In short, the Comey testimony must be seen in light of growing concern in large sections of the capitalist political establishment, as well as the military and sections of big business, that Trump is doing damage to U.S. imperialist interests at home and around the world.

Time to strike at the roots of capitalism

The differences within the ruling class over Trump are important. Trump, with the backing of his Republican flunkies, is dangerous. But the Democratic Party leaders, including both the Clinton wing and the Sanders wing, are fighting to revive the Democratic Party as a capitalist party that defends exploitation, a party that is supported by big business. Nevertheless, they want to regain office by promising to ease the hardships of the masses.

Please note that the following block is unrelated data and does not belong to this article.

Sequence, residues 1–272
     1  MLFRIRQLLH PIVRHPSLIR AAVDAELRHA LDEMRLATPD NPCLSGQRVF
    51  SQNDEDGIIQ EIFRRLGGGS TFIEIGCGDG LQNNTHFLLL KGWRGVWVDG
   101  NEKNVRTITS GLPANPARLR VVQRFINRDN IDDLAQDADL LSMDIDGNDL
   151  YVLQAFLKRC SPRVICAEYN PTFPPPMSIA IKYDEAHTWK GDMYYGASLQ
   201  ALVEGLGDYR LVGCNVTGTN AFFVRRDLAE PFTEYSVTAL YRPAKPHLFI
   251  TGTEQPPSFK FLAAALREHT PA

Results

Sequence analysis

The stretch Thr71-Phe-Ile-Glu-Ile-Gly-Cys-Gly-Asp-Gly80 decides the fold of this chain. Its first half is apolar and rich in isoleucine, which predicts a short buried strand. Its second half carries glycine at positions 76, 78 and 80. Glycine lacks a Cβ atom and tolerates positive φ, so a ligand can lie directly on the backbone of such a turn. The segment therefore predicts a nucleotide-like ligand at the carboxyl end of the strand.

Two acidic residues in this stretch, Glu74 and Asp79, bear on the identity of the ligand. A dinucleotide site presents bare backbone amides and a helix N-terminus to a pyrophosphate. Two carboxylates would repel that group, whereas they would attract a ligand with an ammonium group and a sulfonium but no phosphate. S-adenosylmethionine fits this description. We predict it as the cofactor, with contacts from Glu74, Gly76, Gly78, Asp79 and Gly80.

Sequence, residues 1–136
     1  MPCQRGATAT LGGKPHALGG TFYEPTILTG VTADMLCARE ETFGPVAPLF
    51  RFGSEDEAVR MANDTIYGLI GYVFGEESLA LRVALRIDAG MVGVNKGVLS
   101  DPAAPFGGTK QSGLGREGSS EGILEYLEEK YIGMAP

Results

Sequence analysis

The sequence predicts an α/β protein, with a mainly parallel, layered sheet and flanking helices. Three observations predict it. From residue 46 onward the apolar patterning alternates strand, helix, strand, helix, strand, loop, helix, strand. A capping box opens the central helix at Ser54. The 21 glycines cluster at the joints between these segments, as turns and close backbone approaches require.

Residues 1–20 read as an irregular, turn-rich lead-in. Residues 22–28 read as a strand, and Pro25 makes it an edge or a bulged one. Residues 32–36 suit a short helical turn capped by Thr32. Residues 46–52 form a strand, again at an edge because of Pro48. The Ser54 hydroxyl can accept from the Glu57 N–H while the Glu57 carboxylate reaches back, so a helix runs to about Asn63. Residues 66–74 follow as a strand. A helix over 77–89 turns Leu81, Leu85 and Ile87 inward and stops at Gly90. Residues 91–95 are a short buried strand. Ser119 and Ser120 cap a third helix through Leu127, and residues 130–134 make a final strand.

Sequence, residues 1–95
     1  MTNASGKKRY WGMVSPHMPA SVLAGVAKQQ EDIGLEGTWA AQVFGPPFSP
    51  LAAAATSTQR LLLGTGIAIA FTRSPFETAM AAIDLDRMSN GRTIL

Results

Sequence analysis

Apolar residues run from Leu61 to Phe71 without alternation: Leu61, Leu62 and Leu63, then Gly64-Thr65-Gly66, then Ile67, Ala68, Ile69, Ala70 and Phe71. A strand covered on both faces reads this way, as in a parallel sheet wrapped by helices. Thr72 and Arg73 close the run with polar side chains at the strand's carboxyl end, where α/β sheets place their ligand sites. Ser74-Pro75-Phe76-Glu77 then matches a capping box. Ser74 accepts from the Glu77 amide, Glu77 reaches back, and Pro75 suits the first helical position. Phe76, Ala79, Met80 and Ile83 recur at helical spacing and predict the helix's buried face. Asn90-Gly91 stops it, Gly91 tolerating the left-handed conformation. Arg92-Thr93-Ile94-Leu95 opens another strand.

Marxists are for easing the hardships of the masses, but in a substantial way, first and foremost by struggle, by pushing the bosses and their political machine back. The way forward is in the streets, the factories, the offices, on the campuses and in the fields to threaten the profits and hence power of the rich. Marxists need to take advantage of the current contradictions among the bosses, when the establishment is becoming more and more discredited, to strike at the roots of capitalism and ultimately dispossess the rich of their property.

FBI not neutral when it comes to the people

The state, according to Marxism, is an instrument of compulsion, of force, created by the ruling class to keep the oppressed classes down. Comey was head of the FBI, which is an essential part of that oppressive state apparatus.